Subcellular fractionation was performed as previously described (Gagnon et al., 2014b). A pellet of ∼5–10 × 106 MCF-7 cells was washed in ice-cold PBS and resuspended in HLB buffer (10 mM Tris-HCl, pH 7.5, 10 mM NaCl, 3 mM MgCl2, 0.3% Igepal CA630, 10% glycerol, and 1× protease inhibitors; Roche). 10-min incubation was performed in ice. Samples were centrifuged at 4°C and 800 g for 8 min. The pellet corresponds to intact nuclei and the supernatant to the cytoplasmatic fraction. Equal proportions of each fraction were analyzed by SDS-PAGE and transferred to nitrocellulose membranes (BioRad). Membranes were blocked with 5% milk and then incubated with the primary antibody. After washing, membranes were incubated with IRDye 800CW (LI-COR Biosciences) secondary antibodies. Bound antibody was detected using the Odyssey imaging system (LI-COR Biosciences).
Cells were grown and treated on coverslips. They were fixed in 4% paraformaldehyde for 10 min and permeabilized in 1% Triton X-100 in PBS for another 10 min. Cells were blocked with 3% BSA in PBS for 30 min and further incubated with the primary antibody in a 1/1,000 dilution in blocking buffer for 1 h. Rat monoclonal anti-AGO1 antibody clone 4B8 was used. Cells were then incubated with the secondary antibody diluted 1/1,000 in 3% BSA PBS for 1 h. The secondary antibody used was the anti-goat anti-rat (Alexa Fluor 488; Abcam ab150157). Coverslips were washed with PBS for 5 min five times. Nuclei were stained with TOTO-3 iodide (Thermo Fisher Scientific). Images were taken with an Olympus FV1000 inverted confocal microscope using a 60× oil-immersion objective and FluoView Viewer software (Olympus). Images were further analyzed using CellProfiler software (Carpenter et al., 2006).
A pellet of ∼2 × 106 MCF-7 or HEK293 cells was lysed in 1 ml of lysis buffer (50 mM Tris-HCl, pH 7.5, 150 mM NaCl, 1 mM EDTA, 1% Igepal CA630, 0.5% sodium deoxycholate, 0.5 mM DTT, 1× protease inhibitors [Roche], 5 mM β-glycerophosphate, and 5 mM potassium fluoride) and incubated for 30 min at 4°C. After centrifugation for 20 min at 4°C, supernatants were immunoprecipitated overnight with 40 µl of protein G magnetic beads previously incubated with the antibody of interest for 1 h at 4°C. The following antibodies were used: 2 µg of rat monoclonal anti-AGO1 clone 4B8, 1 µg of rabbit polyclonal anti-ERα HC-20, and 2 µg of mouse monoclonal anti-FLAG clone M5 (Sigma-Aldrich). Control immunoprecipitations were performed with no antibody. Beads were washed four times with washing buffer (50 mM Tris-HCl, pH 7.5, 125 mM NaCl, 1 mM EDTA, and 0.1% Igepal CA630) for 5 min at 4°C. Immunoprecipitate was eluted with 2× Laemmli sample buffer.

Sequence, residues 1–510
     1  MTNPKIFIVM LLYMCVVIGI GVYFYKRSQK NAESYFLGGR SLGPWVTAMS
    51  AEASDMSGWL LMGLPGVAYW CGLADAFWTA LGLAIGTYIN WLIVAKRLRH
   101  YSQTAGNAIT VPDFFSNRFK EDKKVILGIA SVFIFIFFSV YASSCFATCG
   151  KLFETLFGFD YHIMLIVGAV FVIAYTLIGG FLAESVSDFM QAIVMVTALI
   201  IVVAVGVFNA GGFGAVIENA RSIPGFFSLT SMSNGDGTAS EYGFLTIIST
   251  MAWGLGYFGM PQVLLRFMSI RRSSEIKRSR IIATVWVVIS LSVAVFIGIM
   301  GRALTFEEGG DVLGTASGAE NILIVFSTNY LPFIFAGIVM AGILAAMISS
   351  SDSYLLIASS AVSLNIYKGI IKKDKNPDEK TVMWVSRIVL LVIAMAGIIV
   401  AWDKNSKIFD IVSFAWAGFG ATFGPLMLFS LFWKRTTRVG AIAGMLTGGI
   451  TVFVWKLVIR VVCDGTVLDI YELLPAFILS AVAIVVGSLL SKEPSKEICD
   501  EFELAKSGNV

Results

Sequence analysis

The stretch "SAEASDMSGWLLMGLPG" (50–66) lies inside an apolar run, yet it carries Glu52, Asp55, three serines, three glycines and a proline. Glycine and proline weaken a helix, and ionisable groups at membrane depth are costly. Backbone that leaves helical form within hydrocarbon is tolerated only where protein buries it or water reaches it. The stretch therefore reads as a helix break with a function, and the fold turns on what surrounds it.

RNA from MCF-7 cells grown in 12-well plates or MCF1 nuclei purified as explained before from 6-cm plates were isolated by using 500 µl of Tri-Reagent (MRC) following the manufacturer’s instructions. 2 µg was reverse transcribed to cDNA with a random deca-oligonucleotide primer mix using MMLV Reverse transcription (Invitrogen). qPCRs were performed using SYBR Green dye and Taq DNA polymerase (Invitrogen). The annealing temperature was 60°C, and the elongation time at 72°C was 30 s. Relative RNA abundances from cDNAs and no-reverse transcription controls were estimated using internal standard curves with a PCR efficiency of 100 ± 10% for each set of primers in each experiment. Primer sequences are listed in Table S2.